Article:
Thursday, May 26, 2022


The older I get, the more I struggle with shojo manga.  It's hard to maintain one's enthusiasm when faced with so many titles like this.

ST. DRAGON GIRL (Kiyoshi Seinto Doragon Gaaru), by Natsumi Matsumoto.  First published in 1999 and first published in North America in 2008.


Momoka is a spirited (if somewhat hapless) young martial artist.  At her side is Ryuga, a master of magic and Momoka's childhood best friend.  When a mutual friend of theirs is threatened by a dragon king, Ryuga summons a dragon god that ends up getting sealed into Momoka.  Her newfound power makes Momoka an attractive prospect for malicious spirits and humans alike, but Momoka's greatest challenge might be overcoming her reluctance to telling Ryuga how much she truly loves him.


St. Dragon Girl has a few things going for it.  It's got a lot more action that you would expect, with every chapter featuring a bit of kung-fu or paper talisman slinging.  Its Chinese aesthetic isn't particular deep or culturally accurate, but it gives the series its own unique flavor.  St. Dragon Girl needs all the uniqueness it can muster because it's built around a very frustrating and formulaic relationship.  

Unless you are young as the girls originally reading this in Ribon magazine, you have definitely seen couples like Momoka and Ryuga before.  She's spunky, he's kind of a dick to her in a big brotherly sort of way, and both of them would rather snipe and hint at one another than ever admit that the other makes their heart go doki-doki.  Momoka in particular takes a very immature stance, literally pushing Ryuga and running away anytime he hints at it.  It gets to the point where every chapter seems to revolve around some new opponent posing as Momoka or Ryuga so they kiss or proclaim their love to the other before they are defeated and the status quo button is pressed once more.  It gets exhausting before this first volume is over, so I can't imagine how Matsumoto was able to stretch this out for so long.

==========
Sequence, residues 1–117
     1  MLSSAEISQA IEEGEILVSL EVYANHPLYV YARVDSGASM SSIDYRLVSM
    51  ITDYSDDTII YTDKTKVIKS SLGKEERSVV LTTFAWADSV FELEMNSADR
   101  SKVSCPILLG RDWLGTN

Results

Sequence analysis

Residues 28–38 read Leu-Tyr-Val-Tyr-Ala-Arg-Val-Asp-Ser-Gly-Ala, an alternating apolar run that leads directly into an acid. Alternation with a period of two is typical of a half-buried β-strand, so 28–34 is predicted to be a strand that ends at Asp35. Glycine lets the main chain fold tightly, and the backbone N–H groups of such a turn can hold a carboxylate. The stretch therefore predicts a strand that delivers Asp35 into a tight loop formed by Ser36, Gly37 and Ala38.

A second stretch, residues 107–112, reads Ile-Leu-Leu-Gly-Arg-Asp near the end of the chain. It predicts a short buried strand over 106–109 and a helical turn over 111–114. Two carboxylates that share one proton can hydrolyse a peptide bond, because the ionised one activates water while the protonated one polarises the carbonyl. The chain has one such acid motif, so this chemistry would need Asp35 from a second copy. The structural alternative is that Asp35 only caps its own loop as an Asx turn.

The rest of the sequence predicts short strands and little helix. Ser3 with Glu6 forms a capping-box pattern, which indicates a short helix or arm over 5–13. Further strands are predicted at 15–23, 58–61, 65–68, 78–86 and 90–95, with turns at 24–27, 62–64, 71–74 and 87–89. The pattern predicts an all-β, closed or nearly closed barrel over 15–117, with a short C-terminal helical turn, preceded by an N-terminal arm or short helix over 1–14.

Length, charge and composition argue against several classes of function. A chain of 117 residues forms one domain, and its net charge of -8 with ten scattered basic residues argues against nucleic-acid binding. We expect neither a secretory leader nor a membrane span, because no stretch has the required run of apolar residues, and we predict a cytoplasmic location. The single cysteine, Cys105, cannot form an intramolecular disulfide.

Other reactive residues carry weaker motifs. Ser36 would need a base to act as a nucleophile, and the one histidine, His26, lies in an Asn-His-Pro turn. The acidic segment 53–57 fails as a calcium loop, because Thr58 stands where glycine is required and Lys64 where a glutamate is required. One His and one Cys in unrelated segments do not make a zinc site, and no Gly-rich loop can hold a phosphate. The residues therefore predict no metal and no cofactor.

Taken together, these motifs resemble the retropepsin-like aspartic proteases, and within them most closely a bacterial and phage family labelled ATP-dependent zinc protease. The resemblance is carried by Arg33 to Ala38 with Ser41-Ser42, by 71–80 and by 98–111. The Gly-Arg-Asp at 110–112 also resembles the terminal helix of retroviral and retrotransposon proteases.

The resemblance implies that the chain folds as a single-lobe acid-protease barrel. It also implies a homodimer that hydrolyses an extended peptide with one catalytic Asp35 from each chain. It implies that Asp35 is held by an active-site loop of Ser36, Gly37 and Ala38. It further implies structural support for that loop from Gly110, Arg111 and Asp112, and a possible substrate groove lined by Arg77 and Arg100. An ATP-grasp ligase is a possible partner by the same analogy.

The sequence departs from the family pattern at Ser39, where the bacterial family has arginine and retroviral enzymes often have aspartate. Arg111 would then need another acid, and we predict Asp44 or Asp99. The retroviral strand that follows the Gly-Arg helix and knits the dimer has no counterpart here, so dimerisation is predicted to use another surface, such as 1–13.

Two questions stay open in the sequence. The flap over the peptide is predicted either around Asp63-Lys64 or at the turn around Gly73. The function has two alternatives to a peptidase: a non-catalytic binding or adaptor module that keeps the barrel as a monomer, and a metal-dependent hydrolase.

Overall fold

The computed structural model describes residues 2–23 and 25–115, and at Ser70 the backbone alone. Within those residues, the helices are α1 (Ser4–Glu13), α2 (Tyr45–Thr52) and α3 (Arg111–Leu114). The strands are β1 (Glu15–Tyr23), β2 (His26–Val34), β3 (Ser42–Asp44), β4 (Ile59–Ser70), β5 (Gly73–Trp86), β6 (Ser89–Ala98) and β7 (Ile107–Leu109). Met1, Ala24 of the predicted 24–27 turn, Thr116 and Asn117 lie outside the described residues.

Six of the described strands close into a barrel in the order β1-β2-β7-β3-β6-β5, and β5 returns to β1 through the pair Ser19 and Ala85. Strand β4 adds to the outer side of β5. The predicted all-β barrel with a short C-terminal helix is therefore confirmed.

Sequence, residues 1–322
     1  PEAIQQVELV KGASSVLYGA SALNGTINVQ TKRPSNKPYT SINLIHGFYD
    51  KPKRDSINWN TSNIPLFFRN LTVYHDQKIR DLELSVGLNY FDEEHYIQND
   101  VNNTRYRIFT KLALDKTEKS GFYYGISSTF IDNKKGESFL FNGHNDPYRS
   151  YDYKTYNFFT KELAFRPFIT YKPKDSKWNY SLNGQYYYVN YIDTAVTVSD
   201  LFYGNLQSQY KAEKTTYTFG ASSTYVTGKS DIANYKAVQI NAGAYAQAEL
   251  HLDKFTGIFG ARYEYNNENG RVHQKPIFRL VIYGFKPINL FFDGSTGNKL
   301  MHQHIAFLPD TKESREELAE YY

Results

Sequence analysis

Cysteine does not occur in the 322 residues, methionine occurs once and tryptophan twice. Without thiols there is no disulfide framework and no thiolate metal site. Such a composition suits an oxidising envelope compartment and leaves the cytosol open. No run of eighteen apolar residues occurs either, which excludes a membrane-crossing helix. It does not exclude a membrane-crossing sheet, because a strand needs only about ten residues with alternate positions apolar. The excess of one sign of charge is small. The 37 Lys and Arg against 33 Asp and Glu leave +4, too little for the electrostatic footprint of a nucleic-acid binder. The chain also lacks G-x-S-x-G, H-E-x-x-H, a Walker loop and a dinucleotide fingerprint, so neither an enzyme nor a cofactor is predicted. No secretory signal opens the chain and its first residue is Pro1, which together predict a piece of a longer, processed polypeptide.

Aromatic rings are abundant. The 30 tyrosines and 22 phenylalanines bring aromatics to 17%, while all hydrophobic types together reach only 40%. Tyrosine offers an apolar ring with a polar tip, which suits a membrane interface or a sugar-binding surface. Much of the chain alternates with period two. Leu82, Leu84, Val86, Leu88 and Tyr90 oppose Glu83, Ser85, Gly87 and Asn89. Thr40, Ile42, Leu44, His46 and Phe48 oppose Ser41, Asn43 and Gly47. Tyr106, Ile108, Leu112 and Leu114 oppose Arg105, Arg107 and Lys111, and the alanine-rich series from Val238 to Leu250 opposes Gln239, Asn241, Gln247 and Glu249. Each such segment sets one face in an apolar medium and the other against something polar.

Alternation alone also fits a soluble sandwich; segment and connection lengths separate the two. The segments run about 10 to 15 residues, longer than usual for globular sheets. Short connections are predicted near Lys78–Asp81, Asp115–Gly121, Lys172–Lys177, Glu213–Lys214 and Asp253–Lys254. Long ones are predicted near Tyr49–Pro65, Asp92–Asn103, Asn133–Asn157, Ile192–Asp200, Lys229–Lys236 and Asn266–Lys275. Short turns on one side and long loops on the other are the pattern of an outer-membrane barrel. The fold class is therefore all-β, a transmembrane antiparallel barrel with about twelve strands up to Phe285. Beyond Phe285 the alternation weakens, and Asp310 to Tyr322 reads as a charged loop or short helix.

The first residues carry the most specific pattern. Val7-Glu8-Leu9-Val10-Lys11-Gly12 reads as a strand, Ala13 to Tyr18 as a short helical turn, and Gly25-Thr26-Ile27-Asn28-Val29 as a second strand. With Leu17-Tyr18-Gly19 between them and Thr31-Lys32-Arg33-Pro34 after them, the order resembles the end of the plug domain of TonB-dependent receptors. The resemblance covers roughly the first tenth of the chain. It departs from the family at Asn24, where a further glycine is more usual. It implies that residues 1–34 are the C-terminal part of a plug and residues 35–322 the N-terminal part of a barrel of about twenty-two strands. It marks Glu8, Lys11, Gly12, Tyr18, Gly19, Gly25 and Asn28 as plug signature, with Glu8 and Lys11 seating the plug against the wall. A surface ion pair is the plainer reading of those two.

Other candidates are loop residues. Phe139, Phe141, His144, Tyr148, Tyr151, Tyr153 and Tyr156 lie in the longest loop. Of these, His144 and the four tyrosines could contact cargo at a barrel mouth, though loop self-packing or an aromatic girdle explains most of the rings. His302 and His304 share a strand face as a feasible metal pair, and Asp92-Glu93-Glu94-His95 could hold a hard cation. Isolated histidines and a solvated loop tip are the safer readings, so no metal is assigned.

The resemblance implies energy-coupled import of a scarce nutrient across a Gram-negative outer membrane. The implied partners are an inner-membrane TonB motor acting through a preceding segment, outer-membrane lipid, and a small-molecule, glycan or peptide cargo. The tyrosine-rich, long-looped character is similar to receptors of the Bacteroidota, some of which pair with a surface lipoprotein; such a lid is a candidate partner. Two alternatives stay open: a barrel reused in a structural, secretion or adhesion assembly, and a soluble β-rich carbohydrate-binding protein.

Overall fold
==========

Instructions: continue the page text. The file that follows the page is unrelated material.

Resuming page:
Matsumoto draws in what was basically the Ribon house style of the time: spindly, saucer-eyed characters in overly fussy costumes who are frequently drowned out in an excess of flowers, screentones, and magical effects.  It's a very busy-looking manga, and while that fits to some degree with Momoka's personality it also gets a bit hard to parse after a while.


St. Dragon Girl might please younger and more inexperience readers, but shojo veterans are unlikely to have enough patience for its immature lead couple and lack of distinct style.

This series was published by Viz.  This series is complete in Japan with 8 volumes available.  All 8 were released and are currently in print physically and digitally.

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